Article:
EM: What would surprise audiences the most about how these productions come to life?

Rustia: I think people don’t realize just how much research goes into all aspects of creating a TV show. A lot of time is spent on the smallest details. On the creative side, it might be something like how the costumes are designed for a period piece or all the intricacies of building a fictional world—or recreating a historical one. That same attention to detail happens on the business and legal side, too.

EM: What’s been your favorite project to work on and why?

Rustia: That’s a tough one because I’ve had memorable experiences at nearly every step of my career. On my first day as a journalist at CNN, the levees in New Orleans broke and Hurricane Katrina coverage became a twenty-four-hour endeavor. In the aftermath of this terrible natural disaster, our crews investigated everything from the infrastructure problems that exacerbated socioeconomic issues to how the city would rebuild. We won a Peabody Award for our work. When we weren’t working in the newsroom, we were staffing a hotline to help reunite family members with their loved ones. The control room staff adopted abandoned animals from New Orleans. We were embedded there for months. On the entertainment side, I really enjoyed working on Narcos. The show’s success proved that media companies could film a series that wasn’t solely based in English and that diverse stories about different parts of the world could be commercial and successful. I think it pushed networks to take a chance on shows like Netflix’s Squid Games and proved that hit shows don’t have to originate from familiar IP.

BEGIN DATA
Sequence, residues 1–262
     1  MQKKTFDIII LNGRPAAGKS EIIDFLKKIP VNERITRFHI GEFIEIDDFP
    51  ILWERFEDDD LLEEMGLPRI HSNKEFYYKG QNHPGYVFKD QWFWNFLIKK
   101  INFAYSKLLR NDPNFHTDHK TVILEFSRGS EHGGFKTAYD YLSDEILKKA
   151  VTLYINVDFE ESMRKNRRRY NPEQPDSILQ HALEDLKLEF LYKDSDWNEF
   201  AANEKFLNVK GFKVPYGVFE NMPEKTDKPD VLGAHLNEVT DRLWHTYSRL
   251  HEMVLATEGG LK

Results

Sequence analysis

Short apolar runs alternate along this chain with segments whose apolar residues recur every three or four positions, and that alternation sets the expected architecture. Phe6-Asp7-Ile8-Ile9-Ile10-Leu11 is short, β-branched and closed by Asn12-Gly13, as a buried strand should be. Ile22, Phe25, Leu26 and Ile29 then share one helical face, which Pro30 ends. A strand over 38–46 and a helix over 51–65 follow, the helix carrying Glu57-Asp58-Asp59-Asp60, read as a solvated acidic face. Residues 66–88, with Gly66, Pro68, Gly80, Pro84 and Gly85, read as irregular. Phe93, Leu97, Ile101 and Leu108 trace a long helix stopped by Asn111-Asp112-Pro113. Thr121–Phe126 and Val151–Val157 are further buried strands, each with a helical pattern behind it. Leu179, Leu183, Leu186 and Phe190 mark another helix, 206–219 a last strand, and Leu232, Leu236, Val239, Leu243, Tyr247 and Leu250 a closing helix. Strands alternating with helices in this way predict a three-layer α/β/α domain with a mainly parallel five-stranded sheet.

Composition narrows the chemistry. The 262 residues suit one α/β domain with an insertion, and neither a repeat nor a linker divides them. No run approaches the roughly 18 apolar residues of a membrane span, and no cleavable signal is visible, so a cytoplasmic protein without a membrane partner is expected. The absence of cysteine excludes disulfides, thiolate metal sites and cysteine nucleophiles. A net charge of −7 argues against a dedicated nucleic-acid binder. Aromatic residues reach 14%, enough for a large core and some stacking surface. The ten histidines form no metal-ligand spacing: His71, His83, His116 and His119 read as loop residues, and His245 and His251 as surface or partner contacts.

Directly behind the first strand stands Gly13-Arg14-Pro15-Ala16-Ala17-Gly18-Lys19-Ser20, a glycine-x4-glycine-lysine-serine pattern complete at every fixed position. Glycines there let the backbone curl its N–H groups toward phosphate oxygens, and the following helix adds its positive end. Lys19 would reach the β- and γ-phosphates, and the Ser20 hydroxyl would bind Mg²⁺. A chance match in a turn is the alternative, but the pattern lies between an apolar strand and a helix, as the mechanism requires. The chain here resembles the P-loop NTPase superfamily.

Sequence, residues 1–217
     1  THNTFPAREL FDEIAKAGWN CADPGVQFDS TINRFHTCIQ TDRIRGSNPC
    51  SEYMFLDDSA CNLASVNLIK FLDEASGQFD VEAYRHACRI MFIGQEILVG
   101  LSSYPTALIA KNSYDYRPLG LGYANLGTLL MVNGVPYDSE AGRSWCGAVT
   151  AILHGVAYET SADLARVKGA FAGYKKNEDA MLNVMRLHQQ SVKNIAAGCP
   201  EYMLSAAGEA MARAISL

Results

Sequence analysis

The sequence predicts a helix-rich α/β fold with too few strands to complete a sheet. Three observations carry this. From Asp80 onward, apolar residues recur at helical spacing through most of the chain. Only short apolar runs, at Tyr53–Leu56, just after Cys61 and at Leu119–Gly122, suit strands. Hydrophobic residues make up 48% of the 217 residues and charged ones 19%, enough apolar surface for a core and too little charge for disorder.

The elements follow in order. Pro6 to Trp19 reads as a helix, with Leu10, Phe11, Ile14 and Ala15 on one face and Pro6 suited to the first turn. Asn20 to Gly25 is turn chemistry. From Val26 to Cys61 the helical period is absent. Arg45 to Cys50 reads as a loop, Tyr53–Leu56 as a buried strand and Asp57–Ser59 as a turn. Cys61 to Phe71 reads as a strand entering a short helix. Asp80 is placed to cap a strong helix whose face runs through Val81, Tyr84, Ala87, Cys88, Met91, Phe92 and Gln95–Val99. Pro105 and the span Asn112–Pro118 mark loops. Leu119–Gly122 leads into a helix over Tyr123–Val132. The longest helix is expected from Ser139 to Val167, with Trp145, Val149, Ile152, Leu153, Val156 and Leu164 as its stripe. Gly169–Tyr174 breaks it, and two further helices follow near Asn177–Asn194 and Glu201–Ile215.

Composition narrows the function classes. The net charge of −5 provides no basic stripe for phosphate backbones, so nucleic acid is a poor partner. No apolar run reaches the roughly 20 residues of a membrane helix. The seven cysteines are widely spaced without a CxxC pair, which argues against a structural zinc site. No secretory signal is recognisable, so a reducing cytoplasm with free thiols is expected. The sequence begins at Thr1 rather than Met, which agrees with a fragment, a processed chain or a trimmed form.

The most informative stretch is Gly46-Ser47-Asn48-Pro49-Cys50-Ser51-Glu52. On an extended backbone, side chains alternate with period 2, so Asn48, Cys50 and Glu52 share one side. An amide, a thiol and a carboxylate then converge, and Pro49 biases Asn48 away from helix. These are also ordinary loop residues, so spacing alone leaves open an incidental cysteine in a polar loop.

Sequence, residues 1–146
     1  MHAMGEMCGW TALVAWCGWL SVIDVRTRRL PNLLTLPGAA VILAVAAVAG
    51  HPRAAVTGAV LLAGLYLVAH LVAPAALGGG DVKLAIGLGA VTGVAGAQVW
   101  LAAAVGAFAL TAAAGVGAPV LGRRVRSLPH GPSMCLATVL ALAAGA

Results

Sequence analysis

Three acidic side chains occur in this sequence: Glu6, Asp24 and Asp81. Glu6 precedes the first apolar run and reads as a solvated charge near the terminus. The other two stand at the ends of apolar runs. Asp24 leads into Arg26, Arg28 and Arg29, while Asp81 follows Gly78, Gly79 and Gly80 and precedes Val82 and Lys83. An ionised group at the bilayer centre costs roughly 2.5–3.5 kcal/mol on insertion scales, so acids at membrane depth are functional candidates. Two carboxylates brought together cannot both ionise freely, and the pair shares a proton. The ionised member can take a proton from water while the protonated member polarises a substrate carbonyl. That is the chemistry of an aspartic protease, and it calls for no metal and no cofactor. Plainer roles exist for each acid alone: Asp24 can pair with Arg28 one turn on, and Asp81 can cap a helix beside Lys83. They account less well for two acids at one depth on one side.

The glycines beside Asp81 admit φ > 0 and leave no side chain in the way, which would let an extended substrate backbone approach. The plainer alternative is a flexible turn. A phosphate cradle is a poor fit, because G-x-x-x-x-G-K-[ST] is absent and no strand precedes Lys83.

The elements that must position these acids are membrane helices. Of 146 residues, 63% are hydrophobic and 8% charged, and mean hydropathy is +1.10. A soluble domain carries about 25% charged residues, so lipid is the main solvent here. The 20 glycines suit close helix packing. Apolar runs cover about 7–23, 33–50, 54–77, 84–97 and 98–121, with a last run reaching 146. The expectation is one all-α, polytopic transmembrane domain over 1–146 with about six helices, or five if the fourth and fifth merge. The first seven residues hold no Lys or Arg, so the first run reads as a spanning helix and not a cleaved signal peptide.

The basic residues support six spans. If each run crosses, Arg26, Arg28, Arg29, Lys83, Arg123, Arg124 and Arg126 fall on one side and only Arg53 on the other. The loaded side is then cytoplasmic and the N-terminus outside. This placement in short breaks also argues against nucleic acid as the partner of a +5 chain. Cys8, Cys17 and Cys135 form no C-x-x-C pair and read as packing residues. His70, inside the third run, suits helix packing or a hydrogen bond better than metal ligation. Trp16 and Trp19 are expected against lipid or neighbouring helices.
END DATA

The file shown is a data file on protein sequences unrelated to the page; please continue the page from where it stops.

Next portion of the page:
EM: How did studying political science and sociology at Emory help shape your career?

Rustia: It really opened up my world view and triggered a greater curiosity about how people interact with one another. I had some fantastic professors who introduced me to concepts that are still fascinating and relevant, like globalization. I think about it every time I hear that a supply chain issue has caused delays in my everyday life. It was also incredible to study the history of Southern politics and see lessons I’ve learned continue to play out during each national election. Sociology and political science focus so much on how individuals operate in society. It seemed natural to transition into journalism where I could continue to explore these concepts in a nonacademic forum.

EM: What advice would you have for students and young alumni for their careers?

Rustia: I would say pick a ladder and climb it. And if somewhere along the way you find a better ladder, it’s OK to jump off and start over. But when you’re on that ladder, you have to commit yourself to the climb. Stay focused and fight for what you are passionate about and it will never feel like work (or at least almost never). Show business is a difficult industry to break into, and it’s not necessarily a meritocracy, which makes it ever harder. So much of it is relationship driven—and building relationships is a critical skill and talent unto itself. If you want a career in entertainment, you have to get to know the creatives, agents, and executives because it takes all of these people to turn an idea into an actual feature or series. When I see truly successful people in entertainment—these amazingly creative people that build fictional worlds from their minds—they are always people who can’t imagine themselves doing anything different. They pursue it as though there is nothing that they would rather do.